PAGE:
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Sleeping Beauty


This ain't no princess story.

Rod Lott April 9th, 2012

Definitely not to be confused with the Disney cartoon — or any adaptation of the fairy tale, for that matter — this Sleeping Beauty is kind of like if you chose one of the masked women from the orgy scene of Eyes Wide Shut, then were told her backstory for 101 minutes.

sleepingbeauty

Here, it's Lucy (Emily Browning, Sucker Punch), a college student so strapped for cash that she holds four jobs: working at a café, doing Xerox duties in an office, participating in a medical study that requires a balloon and tube to be fed down her throat, and blowing guys at a bar.

A fifth gig arises with the potential to be much more lucrative: "silver-service waitressing," which is high-end service of a four-course meal to rich, old white men. Only here, the servers do so in their underwear or cut-out lingerie, with lipstick that exactly matches the color of their labia.

Lucy does such a good job pouring white wine while decked out in white bra, panties and garters that her female boss (Rachael Blake, AMC's recent remake of The Prisoner) promotes her to lie in bed. There's a little more to it: She'll be drugged into a couple hours' sleep, during which dirty old men can have their way with her, and she won't remember any details when she awakes. But, hey, penetration is not allowed, so these guys with gray hair and shriveled-up genitals rub their paws over her limbs, lick her face, or throw her around like a rag doll, which she essentially is in that state.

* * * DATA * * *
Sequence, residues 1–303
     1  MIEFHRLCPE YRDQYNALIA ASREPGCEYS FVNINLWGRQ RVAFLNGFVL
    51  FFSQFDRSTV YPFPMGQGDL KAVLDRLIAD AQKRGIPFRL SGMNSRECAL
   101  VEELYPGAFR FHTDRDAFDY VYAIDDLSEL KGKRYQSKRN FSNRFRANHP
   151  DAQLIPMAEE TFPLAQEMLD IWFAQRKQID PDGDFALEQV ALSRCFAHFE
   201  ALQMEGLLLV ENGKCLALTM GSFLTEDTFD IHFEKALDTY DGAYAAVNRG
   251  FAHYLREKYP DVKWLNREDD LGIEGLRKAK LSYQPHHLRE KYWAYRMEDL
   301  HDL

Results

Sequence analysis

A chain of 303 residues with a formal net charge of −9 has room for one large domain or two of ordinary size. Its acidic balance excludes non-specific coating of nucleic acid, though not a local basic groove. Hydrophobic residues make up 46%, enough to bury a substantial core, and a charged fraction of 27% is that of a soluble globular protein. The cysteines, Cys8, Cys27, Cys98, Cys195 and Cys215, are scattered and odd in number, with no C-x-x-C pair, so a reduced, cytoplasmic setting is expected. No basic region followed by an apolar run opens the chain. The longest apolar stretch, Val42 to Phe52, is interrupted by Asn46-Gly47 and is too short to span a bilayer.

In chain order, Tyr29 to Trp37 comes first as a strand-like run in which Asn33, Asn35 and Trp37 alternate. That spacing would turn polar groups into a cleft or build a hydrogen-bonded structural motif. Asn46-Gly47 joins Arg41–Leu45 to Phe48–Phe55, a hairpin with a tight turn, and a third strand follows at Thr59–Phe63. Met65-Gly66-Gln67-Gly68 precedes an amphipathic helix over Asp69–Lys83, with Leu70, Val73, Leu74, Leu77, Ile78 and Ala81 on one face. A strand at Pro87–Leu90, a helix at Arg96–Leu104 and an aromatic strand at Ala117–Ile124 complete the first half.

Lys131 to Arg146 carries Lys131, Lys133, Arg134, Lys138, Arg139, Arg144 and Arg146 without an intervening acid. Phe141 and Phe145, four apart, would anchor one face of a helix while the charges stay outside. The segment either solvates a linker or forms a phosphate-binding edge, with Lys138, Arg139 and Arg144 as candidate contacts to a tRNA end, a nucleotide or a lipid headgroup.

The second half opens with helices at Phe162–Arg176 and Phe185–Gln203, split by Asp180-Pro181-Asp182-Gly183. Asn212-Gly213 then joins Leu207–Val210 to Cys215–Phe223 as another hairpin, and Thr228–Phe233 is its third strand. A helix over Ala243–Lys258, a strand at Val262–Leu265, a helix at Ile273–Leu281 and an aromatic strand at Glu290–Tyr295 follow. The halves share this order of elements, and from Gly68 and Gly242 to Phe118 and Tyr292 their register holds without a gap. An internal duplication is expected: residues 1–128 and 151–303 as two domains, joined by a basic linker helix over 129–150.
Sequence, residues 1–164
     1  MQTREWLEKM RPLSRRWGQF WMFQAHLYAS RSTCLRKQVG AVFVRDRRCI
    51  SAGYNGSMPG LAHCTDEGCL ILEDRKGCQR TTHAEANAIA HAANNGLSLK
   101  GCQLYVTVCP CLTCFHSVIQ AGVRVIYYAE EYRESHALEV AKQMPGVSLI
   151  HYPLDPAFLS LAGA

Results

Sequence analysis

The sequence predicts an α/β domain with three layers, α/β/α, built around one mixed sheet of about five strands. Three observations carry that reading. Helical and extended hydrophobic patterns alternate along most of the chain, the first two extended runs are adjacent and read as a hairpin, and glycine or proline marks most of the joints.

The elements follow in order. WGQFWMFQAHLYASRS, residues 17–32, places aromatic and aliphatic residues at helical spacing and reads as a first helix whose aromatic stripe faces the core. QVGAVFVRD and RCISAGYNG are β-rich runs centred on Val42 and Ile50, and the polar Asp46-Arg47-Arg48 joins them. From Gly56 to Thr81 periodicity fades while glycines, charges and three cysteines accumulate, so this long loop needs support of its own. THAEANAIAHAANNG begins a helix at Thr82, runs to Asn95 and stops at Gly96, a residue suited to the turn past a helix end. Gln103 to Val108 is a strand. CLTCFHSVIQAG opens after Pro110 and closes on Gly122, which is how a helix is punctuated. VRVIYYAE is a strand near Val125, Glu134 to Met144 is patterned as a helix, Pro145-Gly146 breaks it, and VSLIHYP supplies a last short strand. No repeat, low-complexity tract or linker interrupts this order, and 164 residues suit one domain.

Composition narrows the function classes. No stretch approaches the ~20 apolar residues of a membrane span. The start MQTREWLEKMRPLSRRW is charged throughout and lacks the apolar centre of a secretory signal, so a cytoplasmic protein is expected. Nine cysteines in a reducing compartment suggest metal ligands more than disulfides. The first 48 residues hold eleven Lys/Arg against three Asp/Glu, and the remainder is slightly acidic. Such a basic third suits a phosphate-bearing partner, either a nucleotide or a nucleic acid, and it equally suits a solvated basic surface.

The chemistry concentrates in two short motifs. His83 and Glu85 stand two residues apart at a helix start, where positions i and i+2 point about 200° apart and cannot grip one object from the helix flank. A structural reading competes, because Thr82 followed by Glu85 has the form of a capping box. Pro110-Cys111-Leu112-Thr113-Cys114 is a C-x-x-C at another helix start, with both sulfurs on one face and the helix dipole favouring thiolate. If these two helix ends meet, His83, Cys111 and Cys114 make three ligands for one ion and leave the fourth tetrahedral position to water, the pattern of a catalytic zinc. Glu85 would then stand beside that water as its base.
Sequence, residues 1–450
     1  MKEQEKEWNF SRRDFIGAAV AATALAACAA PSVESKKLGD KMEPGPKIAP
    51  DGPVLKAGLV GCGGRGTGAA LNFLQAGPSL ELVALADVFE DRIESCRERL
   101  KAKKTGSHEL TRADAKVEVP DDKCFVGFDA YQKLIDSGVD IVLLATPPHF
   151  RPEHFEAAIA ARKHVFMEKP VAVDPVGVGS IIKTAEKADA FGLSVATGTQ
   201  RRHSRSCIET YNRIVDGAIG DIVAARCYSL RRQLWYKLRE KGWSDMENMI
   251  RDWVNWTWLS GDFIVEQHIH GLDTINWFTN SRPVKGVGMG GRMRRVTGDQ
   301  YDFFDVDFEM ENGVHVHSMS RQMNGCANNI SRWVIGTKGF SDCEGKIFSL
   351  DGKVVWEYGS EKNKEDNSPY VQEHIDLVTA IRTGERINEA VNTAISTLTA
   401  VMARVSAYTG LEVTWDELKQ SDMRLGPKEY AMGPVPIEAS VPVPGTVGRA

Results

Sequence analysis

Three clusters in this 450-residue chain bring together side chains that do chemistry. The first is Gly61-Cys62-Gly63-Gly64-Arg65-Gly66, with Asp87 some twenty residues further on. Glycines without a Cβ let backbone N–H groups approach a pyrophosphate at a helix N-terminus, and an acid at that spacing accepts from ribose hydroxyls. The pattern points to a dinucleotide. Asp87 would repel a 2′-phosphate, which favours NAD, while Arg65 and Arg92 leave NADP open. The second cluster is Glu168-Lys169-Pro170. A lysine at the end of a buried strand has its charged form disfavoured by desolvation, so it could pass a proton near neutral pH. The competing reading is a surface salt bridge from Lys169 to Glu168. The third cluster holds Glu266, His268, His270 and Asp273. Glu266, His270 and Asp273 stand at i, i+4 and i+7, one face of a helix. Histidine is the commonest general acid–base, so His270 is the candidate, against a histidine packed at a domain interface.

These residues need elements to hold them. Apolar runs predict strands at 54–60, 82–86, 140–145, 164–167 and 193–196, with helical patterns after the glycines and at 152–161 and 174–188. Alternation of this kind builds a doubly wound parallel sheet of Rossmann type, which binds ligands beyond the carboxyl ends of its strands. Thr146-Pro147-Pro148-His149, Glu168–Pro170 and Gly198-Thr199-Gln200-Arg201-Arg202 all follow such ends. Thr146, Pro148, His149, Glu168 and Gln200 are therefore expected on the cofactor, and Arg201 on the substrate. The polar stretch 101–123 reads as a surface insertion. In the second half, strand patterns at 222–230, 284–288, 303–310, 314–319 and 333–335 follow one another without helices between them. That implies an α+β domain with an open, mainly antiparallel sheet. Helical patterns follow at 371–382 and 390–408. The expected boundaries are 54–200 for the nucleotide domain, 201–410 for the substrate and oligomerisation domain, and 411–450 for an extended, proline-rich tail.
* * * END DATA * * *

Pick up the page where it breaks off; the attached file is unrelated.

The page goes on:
Sleeping Beauty's point? Damned if I know, but I can imagine the firestorm of controversy had the film been written and directed by a man. Instead, first-timer Julia Leigh is at the helm, and at the very least, her freshman work is interesting to watch. You haven't seen this story before, for good or ill. Too arty for its own good? Sure. Predictable? Hardly, and partly because Leigh stages scenes that raise some baffling questions she refuses to answer.

Looking appropriately cold and clinical, the film is shot in long, unbroken scenes that mirror the purposeful languid pacing and Lucy's unconsciousness on the job. Leigh's work is fine technically — most every shot appears antiseptic and art-directed to a fault — but her script is lacking, which I suspect was on purpose.

Browning does as she's told, playing Lucy as a cipher who, with a couple scenes excepted, mostly suppresses emotions. While she could use more spark to work with, the actress is the best thing about Sleeping Beauty. She turns in a remarkably brave performance. You'll never be able to watch her in Lemony Snicket the same away again. —Rod Lott

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Sucker Punch Blu-ray review

 
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